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Fried innards

Jeelvy’s Keto Cookbook | Part 1 – Fried Innards

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For the past 3 months, I’ve been doing the keto diet. I go on the keto diet every now and then to keep my weight under control. It is the only way, I’ve found, to consistently work. Now, an interesting side effect of keto is the fact that you simply cannot eat out as much, because too many takeout dishes contain carbohydrates. As such, I usually cook my own food. Over time, I’ve developed quite a feeling for making quick and dirty keto-compliant food. This series will present to you the various recipes I prepare when I’m on the keto, beginning with my favourite, fried innards.

Nick preparing fried innards.
– Honey, what’s for breakfast?
– Blood and guts.

Where to buy ingredients

Before you go out buying ingredients, you must first find a friendly local butcher or at least a meat market. Supermarket-bought meat, I’ve found, simply does not make the cut and besides, the only innards I’ve found in supermarkets are chicken livers. Personally, I find chicken livers disgusting, so I only buy innards at my local butcher’s. Whenever he gets whole hogs, lambs or calves for roasting, he usually sells the innards separately, so getting innards is a bit inconsistent. I think of it a little bit as life handing me a little bonus: here’s this cut of meat that other people usually don’t like, but I love, so I get it on the cheap.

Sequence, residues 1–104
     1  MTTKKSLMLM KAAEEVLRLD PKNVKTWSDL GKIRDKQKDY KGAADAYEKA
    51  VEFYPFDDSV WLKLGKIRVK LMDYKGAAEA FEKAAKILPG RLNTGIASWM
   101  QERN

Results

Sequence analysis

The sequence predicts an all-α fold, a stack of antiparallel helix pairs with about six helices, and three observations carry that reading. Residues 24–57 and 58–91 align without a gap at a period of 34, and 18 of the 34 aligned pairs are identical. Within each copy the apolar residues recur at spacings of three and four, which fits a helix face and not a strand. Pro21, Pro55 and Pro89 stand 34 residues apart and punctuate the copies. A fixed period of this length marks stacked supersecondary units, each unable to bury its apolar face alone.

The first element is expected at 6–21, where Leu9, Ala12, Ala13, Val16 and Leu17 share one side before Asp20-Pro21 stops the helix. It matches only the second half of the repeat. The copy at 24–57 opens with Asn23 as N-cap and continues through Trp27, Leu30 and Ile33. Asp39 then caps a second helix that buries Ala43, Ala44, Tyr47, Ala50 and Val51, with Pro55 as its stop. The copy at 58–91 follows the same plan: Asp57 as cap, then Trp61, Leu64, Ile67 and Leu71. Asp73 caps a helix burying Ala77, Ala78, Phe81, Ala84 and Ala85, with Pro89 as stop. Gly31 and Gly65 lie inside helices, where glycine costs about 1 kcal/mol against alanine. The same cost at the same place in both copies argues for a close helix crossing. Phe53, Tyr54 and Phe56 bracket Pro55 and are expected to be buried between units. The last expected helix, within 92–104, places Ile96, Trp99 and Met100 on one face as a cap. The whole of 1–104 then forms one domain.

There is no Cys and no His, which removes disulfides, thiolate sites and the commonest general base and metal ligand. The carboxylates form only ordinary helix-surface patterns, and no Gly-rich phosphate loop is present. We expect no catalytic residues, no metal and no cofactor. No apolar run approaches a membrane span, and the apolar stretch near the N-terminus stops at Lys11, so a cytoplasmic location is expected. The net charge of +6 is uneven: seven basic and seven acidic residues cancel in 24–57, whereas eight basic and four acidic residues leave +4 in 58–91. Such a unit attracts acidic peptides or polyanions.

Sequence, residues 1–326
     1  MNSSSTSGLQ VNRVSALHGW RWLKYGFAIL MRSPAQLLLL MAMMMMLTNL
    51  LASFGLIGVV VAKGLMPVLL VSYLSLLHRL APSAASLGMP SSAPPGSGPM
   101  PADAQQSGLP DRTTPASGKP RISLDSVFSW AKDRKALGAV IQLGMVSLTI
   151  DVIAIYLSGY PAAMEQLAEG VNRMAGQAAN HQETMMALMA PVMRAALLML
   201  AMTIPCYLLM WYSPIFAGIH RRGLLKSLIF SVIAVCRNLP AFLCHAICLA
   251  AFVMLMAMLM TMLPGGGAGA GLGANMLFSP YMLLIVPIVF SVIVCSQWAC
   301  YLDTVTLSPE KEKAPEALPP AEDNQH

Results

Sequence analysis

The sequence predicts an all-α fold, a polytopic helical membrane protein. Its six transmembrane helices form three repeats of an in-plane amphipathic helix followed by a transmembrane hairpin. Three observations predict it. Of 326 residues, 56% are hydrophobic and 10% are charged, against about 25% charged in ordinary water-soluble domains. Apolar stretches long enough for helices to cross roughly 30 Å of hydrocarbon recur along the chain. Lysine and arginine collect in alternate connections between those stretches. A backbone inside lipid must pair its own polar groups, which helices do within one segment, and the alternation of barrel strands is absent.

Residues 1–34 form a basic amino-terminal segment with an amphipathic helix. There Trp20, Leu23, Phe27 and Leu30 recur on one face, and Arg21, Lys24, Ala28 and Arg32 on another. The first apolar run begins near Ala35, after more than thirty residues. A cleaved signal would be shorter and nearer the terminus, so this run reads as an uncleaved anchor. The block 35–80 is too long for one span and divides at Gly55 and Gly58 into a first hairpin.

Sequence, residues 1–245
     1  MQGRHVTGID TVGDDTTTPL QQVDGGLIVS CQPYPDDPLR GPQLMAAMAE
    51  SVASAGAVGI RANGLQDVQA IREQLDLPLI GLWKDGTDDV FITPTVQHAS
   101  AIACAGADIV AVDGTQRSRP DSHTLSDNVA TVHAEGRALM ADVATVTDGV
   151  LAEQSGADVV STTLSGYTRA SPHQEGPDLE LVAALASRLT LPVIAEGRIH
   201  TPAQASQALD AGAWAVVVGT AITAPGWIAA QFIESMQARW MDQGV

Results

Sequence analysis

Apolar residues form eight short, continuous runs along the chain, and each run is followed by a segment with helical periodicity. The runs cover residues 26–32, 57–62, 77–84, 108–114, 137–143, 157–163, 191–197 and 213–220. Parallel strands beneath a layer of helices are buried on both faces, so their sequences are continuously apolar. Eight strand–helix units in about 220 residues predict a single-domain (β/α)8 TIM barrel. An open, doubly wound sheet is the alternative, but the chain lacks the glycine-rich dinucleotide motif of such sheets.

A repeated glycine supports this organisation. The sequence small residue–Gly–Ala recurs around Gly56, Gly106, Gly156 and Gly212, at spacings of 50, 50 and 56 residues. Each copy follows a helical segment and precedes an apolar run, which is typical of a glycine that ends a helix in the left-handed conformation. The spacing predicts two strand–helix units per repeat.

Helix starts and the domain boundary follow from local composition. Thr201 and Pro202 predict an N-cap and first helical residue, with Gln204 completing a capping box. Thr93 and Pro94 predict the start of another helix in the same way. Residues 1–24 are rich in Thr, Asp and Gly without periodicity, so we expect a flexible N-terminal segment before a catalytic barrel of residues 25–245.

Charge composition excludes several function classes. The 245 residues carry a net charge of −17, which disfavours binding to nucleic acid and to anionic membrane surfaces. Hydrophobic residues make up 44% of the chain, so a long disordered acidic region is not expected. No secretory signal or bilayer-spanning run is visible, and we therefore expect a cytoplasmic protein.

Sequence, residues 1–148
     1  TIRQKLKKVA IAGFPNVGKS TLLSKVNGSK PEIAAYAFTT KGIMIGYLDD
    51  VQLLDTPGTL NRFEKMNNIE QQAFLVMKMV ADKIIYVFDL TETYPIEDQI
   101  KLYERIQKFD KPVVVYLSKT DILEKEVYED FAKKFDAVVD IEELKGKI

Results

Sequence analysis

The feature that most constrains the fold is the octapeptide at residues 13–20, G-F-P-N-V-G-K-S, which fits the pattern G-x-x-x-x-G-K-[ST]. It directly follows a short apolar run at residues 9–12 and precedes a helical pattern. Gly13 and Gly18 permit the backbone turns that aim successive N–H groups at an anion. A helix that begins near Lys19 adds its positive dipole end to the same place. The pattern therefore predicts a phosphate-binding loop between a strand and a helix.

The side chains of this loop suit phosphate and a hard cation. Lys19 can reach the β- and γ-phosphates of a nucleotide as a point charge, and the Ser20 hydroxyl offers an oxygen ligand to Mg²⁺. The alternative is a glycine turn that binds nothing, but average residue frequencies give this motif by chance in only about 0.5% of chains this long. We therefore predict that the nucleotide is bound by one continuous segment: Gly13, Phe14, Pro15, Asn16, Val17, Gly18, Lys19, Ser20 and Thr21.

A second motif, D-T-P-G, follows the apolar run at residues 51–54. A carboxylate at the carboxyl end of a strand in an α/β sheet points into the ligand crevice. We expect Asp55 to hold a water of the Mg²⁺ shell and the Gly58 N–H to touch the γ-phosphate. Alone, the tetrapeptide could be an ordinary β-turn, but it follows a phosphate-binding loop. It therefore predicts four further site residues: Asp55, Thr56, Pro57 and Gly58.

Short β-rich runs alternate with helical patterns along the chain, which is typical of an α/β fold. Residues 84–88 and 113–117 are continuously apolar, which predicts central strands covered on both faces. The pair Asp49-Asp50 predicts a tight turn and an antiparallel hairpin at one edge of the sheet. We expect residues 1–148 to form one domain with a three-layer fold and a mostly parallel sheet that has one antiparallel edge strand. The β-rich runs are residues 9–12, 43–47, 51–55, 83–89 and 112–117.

To make the core recipe, you’ll need the following ingredients:
– Pig, calf or lamb innards, including the heart, lungs, liver and (optional) kidneys.
– Butter or Lard (or both) to fry them in. I usually use a 2/3rds lard, 1/3rd butter mixture.
– 2-3 cloves of Garlic (optional).
– Salt

The guts of the matter

The following recipe works for calf, lamb or pig innards. Cut your innards into small pieces, each one ideally no bigger than two of your fingers put together. This will make sure they’re cooked all the way through and quickly. Before you start cutting, make sure your knife is razor-sharp. I’m not exaggerating. Some animal organs are very tough to slice. The easiest to cut and most similar to normal meat is the heart. Somewhat slimier but still rigid enough to be cut are the liver and kidneys. The lungs are spongy and tough and will be by far the toughest to cut. At least once I got so frustrated due to a dull blade that I just ripped the lungs apart with my bare hands. Viscerally satisfying as that was, the resulting mess was not at all pleasant to clean up. Don’t throw away the arteries and ventricles either, they’re an important part of the dish’s nutritional profile. Crush or cut the garlic to taste.

Fry, my pretties!

Put it all in a pan and fry over a strong fire for 15-30 minutes. The exact time varies depending on how thin you sliced the innards. As a general rule, you’re waiting for the liver, heart and kidneys to brown and the lungs to get a little crispy. If it starts sounding like a primus, that’s a feature, not a bug. That’s the air escaping out of the frying lungs. Personally, I use a cast iron pan for optimum results and maximum health effects.